The tiny office has a wonderfully shabby quality to it, and in a real sense the flavor of a fish packing plant remained. When we’d have a three-day rain storm, I could smell the faint odor of fish. I didn’t decorate the walls with diplomas or pictures. Other than a ship’s clock above the desk, I kept the walls plain, which was just as well, because when it did rain, drips would snake their way down from the ceiling.
Gracie curled some of her hair around her first finger. Whenever she spoke about her boyfriend she never looked me in the eyes. Finally she turned her head toward the bay window and said, “I wanted to talk some about, you know . . . Eliot . . . if it’s okay.”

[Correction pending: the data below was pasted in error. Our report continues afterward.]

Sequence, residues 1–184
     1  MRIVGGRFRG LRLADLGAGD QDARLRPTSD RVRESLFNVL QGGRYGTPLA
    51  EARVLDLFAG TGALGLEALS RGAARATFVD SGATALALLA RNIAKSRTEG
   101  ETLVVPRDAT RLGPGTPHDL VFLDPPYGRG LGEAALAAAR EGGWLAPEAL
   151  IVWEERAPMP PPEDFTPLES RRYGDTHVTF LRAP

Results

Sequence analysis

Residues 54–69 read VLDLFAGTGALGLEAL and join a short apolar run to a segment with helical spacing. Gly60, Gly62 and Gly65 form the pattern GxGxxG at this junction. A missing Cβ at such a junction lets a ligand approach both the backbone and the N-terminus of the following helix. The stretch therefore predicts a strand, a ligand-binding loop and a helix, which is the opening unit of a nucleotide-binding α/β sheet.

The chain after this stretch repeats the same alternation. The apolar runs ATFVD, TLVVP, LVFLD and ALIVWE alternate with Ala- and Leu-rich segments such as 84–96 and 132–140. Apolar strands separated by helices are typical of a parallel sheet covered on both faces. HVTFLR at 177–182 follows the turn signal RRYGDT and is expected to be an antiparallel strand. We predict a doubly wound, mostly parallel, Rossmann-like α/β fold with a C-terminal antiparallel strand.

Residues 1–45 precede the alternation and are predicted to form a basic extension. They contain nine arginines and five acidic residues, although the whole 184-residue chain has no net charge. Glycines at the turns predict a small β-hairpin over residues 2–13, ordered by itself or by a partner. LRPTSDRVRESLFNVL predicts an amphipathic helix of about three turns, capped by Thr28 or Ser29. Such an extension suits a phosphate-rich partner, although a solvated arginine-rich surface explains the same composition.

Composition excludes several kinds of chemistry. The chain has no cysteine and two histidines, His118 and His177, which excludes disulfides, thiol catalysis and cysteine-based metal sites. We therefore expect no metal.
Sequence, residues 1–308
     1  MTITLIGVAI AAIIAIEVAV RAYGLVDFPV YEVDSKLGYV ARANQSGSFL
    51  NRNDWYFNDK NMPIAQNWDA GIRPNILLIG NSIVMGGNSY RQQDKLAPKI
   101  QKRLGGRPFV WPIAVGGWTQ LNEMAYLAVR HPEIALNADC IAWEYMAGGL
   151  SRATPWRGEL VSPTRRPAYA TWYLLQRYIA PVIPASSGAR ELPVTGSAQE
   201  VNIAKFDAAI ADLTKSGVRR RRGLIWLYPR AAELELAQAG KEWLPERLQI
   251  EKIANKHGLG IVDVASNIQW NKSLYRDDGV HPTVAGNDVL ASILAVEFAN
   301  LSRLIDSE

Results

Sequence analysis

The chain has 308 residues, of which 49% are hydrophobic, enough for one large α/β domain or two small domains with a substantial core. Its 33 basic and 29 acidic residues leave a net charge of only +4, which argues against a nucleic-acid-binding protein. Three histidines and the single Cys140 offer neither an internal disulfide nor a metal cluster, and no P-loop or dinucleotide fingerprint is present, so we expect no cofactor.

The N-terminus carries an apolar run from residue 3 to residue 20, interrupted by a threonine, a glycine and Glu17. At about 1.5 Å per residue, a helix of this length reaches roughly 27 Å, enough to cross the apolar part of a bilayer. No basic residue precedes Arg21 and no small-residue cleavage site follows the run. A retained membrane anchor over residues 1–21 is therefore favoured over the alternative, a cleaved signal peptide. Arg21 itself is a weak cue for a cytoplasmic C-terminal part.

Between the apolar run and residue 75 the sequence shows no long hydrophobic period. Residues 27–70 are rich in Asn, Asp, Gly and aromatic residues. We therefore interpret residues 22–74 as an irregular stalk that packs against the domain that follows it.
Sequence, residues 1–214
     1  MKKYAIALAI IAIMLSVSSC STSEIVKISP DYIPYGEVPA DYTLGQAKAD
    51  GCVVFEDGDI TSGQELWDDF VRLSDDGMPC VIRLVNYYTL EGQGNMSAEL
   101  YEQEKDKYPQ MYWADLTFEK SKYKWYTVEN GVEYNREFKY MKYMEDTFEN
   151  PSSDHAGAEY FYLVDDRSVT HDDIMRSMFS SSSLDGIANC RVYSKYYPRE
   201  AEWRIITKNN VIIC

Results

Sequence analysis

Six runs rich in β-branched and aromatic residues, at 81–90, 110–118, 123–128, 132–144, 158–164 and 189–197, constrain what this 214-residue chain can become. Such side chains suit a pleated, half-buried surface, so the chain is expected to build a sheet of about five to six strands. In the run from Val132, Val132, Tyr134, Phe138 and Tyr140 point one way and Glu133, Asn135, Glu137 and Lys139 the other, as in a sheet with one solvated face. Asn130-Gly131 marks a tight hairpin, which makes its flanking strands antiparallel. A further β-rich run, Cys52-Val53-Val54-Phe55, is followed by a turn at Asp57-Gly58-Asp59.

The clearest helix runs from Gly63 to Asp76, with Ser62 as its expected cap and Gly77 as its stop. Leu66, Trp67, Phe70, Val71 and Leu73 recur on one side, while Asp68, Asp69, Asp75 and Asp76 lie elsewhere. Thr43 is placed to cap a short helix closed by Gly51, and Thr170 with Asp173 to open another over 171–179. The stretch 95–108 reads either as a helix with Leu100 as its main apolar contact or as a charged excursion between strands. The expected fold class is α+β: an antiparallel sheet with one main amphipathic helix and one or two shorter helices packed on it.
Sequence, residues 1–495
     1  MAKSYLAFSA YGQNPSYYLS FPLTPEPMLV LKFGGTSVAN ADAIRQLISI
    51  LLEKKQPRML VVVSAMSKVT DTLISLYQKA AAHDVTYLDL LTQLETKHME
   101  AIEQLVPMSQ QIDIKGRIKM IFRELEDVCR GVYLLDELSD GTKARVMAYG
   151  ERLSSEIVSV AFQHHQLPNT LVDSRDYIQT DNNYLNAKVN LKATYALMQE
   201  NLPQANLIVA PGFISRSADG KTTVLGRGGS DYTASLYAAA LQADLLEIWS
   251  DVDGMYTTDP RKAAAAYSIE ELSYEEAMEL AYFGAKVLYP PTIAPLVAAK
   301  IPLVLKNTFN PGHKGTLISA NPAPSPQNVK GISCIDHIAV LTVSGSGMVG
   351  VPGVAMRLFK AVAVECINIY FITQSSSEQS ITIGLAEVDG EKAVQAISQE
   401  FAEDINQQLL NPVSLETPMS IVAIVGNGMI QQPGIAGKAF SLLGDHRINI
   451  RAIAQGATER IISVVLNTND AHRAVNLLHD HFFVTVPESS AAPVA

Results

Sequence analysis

“This is your hour, Gracie.”
Still twirling her hair, she said, “I know, I know. I just get nervous sometimes.” Silence again.
Gracie’s boyfriend, so to speak, is Eliot Wohlman. That is, Doctor Eliot Wohlman. He is the chief psychiatrist at the inpatient facility for chronic sexual offenders in Yarmouth. He’s also a staff doctor at Hyannis Hospital. He sat next to me at last month’s medical staff party. His wife sat next to him.
Eliot had an affair with another patient of mine over five years ago. Her name was Jeanne. She never recovered from the relationship. One night, she took all her mother’s Dalmane and never woke up.
Gracie said she had told Eliot she was seeing me and I’m sure that made him uptight. If I ever broke the confidentiality barrier, he’d be out of a job, and probably out of a marriage.